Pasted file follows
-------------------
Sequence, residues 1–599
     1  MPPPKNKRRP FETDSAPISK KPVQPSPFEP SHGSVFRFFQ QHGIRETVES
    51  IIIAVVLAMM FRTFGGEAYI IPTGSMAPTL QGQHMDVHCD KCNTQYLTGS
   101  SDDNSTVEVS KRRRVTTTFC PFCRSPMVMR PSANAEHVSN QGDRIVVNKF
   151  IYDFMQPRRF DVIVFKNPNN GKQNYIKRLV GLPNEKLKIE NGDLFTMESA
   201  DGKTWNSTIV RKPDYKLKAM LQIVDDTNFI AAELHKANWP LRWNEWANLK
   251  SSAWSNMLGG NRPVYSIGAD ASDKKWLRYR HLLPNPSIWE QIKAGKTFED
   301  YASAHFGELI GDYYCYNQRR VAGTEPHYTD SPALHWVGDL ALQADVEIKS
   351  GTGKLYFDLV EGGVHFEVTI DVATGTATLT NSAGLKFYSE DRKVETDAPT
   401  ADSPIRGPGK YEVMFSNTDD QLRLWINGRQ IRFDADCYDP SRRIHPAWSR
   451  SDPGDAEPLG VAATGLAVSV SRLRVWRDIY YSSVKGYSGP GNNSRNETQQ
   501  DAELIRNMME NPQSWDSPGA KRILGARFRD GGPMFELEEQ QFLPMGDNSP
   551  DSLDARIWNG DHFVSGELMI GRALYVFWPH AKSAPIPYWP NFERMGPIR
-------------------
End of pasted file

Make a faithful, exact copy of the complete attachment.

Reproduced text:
Sequence, residues 1–599
     1  MPPPKNKRRP FETDSAPISK KPVQPSPFEP SHGSVFRFFQ QHGIRETVES
    51  IIIAVVLAMM FRTFGGEAYI IPTGSMAPTL QGQHMDVHCD KCNTQYLTGS
   101  SDDNSTVEVS KRRRVTTTFC PFCRSPMVMR PSANAEHVSN QGDRIVVNKF
   151  IYDFMQPRRF DVIVFKNPNN GKQNYIKRLV GLPNEKLKIE NGDLFTMESA
   201  DGKTWNSTIV RKPDYKLKAM LQIVDDTNFI AAELHKANWP LRWNEWANLK
   251  SSAWSNMLGG NRPVYSIGAD ASDKKWLRYR HLLPNPSIWE QIKAGKTFED
   301  YASAHFGELI GDYYCYNQRR VAGTEPHYTD SPALHWVGDL ALQADVEIKS
   351  GTGKLYFDLV EGGVHFEVTI DVATGTATLT NSAGLKFYSE DRKVETDAPT
   401  ADSPIRGPGK YEVMFSNTDD QLRLWINGRQ IRFDADCYDP SRRIHPAWSR
   451  SDPGDAEPLG VAATGLAVSV SRLRVWRDIY YSSVKGYSGP GNNSRNETQQ
   501  DAELIRNMME NPQSWDSPGA KRILGARFRD GGPMFELEEQ QFLPMGDNSP
   551  DSLDARIWNG DHFVSGELMI GRALYVFWPH AKSAPIPYWP NFERMGPIR